James Madison Papers
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From James Madison to James Monroe, [ca. 11 August 1814]

To James Monroe

[ca. 11 August 1814]

Is not Mr. Neilson’s request within the opinion of Mr. Rush agst the departure of American vessels with B. licence.1

Walkers case falls under a general regulation wch. Genl. Mason has in view.2

RC (DNA: RG 59, War of 1812 Papers, Correspondence regarding Passports). In JM’s hand. Undated; addressee not indicated. Conjectural date assigned and addressee identified based on evidence in nn. 1–2.

1Robert Neilson wrote Monroe from Washington on 9 Aug. 1814, requesting State Department passports to the West Indies for himself and his sister, Eliza Neilson, whose doctors had recommended the voyage as the only hope for her recovery from a “Pulmonary aff[l]iction” (DNA: RG 59, War of 1812 Papers, Correspondence regarding Passports). In a 28 July 1814 letter to Monroe, Attorney General Richard Rush had given his opinion that under “An Act to prohibit the use of licenses or passes granted by the authority of the government of the United Kingdom of Great Britain and Ireland,” 2 Aug. 1813, it would be illegal for an individual to request a passport from the British for a voyage to be made for health reasons. JM evidently concluded in error that Neilson was requesting permission to obtain a British passport, for Rush’s opinion did not address the granting of such protections by the U.S. government, and the law itself stipulated “that nothing contained in this act, shall be so onstrued as to prevent the acceptance or use of a passport or any other paper authorized by the government of the United States” (Monroe to Rush, 28 July 1814, Letters and Papers of Richard Rush [microfilm ed.], reel 3; Preston, Catalogue of the Correspondence and Papers of James Monroe, description begins Daniel Preston, A Comprehensive Catalogue of the Correspondence and Papers of James Monroe (2 vols.; Westport, Conn., 2001). description ends 1:407; U.S. Statutes at Large, description begins The Public Statutes at Large of the United States of America … (17 vols.; Boston, 1848–73). description ends 3:84–85).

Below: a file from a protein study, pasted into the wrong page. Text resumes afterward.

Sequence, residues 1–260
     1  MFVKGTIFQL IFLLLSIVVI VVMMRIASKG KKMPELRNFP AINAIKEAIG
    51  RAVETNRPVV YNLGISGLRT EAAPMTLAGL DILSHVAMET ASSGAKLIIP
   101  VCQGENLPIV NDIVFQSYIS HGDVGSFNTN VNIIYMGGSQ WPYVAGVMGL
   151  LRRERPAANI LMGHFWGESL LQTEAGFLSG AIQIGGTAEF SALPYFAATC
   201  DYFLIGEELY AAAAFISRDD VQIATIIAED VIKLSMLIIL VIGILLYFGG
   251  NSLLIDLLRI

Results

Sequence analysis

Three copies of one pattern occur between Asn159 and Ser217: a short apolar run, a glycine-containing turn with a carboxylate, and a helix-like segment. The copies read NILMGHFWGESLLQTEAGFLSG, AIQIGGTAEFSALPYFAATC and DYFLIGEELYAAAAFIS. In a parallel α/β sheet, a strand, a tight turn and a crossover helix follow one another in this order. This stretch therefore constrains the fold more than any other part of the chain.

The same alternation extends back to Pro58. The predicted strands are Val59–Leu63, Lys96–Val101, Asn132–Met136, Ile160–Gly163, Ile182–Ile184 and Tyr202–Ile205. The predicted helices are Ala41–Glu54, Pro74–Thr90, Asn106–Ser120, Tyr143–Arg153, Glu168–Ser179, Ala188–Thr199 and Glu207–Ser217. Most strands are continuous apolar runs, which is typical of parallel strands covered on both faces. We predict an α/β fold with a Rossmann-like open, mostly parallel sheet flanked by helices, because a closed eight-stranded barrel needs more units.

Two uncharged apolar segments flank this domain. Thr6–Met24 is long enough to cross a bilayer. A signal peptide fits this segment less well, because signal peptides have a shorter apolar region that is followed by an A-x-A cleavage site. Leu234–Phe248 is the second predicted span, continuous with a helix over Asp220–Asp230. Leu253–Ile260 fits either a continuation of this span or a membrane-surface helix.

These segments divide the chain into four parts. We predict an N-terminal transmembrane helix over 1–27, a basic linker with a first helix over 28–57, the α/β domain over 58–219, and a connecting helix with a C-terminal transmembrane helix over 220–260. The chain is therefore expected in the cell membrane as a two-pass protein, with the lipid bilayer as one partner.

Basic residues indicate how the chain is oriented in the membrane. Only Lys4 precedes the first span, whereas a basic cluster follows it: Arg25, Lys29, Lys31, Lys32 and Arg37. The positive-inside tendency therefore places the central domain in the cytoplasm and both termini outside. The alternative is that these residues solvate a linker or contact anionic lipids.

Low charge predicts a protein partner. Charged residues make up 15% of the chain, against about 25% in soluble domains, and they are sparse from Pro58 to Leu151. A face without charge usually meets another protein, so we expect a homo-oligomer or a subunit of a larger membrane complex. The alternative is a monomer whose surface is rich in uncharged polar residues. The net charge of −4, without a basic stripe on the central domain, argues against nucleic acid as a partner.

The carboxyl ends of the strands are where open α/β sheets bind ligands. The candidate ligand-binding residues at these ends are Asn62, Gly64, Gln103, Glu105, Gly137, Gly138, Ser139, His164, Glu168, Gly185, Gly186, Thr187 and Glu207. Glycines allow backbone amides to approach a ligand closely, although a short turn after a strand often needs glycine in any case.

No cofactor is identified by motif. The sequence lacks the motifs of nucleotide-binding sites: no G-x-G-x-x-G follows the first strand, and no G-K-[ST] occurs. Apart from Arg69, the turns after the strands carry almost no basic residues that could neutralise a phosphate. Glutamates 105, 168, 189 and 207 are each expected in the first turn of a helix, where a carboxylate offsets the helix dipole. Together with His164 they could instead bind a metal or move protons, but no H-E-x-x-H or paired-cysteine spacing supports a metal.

2JM referred to a 2 Aug. 1814 letter to Monroe from John Walker, a British subject, requesting a passport to return to England. Monroe docketed the letter with the notation: “This gentleman is strongly recommended by the Secry of the navy & many others. Shall any relaxation be adopted in consequence of a change said to have been adopted in Engld in favor of our citizens there?” (DNA: RG 59, War of 1812 Papers, Correspondence regarding Passports).

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